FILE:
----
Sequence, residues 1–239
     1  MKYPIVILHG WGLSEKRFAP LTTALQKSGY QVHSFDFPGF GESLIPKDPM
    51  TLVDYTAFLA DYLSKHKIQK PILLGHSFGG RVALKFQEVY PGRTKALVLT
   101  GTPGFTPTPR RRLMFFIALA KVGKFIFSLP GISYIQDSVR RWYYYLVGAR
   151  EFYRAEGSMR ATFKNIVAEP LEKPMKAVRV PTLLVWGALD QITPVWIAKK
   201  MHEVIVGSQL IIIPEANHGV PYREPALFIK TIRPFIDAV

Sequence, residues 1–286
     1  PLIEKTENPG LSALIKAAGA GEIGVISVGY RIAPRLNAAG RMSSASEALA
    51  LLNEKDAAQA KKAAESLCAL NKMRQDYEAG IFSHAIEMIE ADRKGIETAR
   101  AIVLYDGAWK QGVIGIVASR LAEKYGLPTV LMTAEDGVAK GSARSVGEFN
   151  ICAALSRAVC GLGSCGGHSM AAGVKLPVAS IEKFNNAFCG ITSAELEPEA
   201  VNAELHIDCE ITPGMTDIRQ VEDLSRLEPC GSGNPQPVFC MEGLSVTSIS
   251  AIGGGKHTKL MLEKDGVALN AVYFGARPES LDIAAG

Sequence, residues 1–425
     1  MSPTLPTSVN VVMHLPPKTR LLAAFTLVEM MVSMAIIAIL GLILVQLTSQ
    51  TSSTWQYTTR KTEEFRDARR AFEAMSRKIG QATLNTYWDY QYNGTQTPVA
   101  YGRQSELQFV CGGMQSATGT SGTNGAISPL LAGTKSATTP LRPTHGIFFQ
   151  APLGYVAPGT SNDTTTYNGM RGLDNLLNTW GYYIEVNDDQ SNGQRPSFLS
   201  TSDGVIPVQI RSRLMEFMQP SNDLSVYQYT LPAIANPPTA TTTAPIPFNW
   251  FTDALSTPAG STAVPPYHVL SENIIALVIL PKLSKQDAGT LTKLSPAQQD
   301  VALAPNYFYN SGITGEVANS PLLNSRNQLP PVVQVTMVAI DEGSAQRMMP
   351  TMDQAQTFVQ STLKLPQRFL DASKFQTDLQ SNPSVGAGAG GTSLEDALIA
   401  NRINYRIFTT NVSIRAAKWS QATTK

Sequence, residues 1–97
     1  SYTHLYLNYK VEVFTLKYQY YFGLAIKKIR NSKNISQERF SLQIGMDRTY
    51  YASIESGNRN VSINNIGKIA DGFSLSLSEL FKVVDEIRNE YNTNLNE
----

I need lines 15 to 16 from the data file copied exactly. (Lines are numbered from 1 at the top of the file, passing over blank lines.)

     1  MSPTLPTSVN VVMHLPPKTR LLAAFTLVEM MVSMAIIAIL GLILVQLTSQ
    51  TSSTWQYTTR KTEEFRDARR AFEAMSRKIG QATLNTYWDY QYNGTQTPVA